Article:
COVID-19 remains dominant in our top ten most read papers for July, 2021, with six of the ten spots held by COVID-19-related papers and Li et al.’s protocol for a systematic review and meta-analysis on the impact of COVID-19 on female fertility reclaiming the top spot. But the two new entries in the top ten focus on other topics.
Averbuch et al.’s systematic review on academic bullying in medical settings entered the most read chart at number 6. As detailed previously, the researchers from McMaster University (ON, Canada) analysed findings from 68 studies from various countries published between 1999 and 2021, representing data from 82 349 respondents (consultants and trainees). They found that the most commonly reported pattern of bullying was overwork as a form of punishing behaviour and the most common impact was psychological distress. Perpetrators were most often consultants, and men were identified as the most common perpetrators, while women were the most common victims. Notably, less than a third of victims reported the bullying. Poor enforcement of anti-bullying policies, hierarchical power structures, and normalisation of bullying were identified as facilitators of bullying behaviours in academic medical settings. In commenting on the study to Medscape Medical News, lead investigator Harriette Van Spall explained how the research was inspired by her own personal experience. “Some behaviours were excruciating to deal with, protesting against them would bring more on, and every day was filled with dread. It took sheer will to show up at work to care for patients, to complete research I was leading, and to have hope and my academic output, income, and personal well-being dropped during those years.”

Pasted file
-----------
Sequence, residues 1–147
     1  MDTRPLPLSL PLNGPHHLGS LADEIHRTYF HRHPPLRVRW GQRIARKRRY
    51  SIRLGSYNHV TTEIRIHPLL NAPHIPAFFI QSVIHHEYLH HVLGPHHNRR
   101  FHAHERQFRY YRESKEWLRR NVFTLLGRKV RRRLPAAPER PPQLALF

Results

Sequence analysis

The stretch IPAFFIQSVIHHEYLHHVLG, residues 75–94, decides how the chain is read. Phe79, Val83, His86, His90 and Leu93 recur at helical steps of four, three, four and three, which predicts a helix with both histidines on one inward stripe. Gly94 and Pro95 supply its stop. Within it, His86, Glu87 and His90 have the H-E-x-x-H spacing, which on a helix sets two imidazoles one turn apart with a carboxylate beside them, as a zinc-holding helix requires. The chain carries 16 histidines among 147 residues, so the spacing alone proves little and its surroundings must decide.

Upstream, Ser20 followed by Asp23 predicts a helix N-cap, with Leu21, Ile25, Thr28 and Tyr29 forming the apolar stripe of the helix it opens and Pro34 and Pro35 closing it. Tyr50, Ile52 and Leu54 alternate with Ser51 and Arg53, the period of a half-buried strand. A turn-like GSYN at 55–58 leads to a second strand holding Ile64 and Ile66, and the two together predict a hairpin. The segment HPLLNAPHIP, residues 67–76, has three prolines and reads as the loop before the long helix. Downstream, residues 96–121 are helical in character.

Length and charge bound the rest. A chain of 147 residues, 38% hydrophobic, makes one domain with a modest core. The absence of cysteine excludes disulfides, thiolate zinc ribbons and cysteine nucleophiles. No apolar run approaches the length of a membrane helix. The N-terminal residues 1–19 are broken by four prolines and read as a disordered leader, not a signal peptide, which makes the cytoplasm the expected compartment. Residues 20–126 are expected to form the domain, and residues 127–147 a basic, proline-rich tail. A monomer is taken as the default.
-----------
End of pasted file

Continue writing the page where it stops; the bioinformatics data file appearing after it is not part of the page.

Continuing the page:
Also new in the top ten, Axson et al.’s article on clinical trial transparency and data sharing among biopharmaceutical companies entered the chart at number 9. The study, which follows on from earlier work from the same group, used the established Good Pharma Scorecard (GPS) transparency measures to appraise novel drugs and biologics that received approval from the US Food and Drug Administration (FDA) in 2016–17 and their company sponsors. The researchers found that there was no apparent difference in transparency between US-based and non-US companies and no difference between the transparency of reporting for biologics and non-biologic drugs. However, large companies (those in the top 20 largest companies by market capitalisation) were found to be significantly more transparent than smaller companies, with generally better data sharing procedures and superior implementation of FDA Amendments Act trial reporting requirements.
Here is the full list of most read papers in BMJ Open during July, 2021: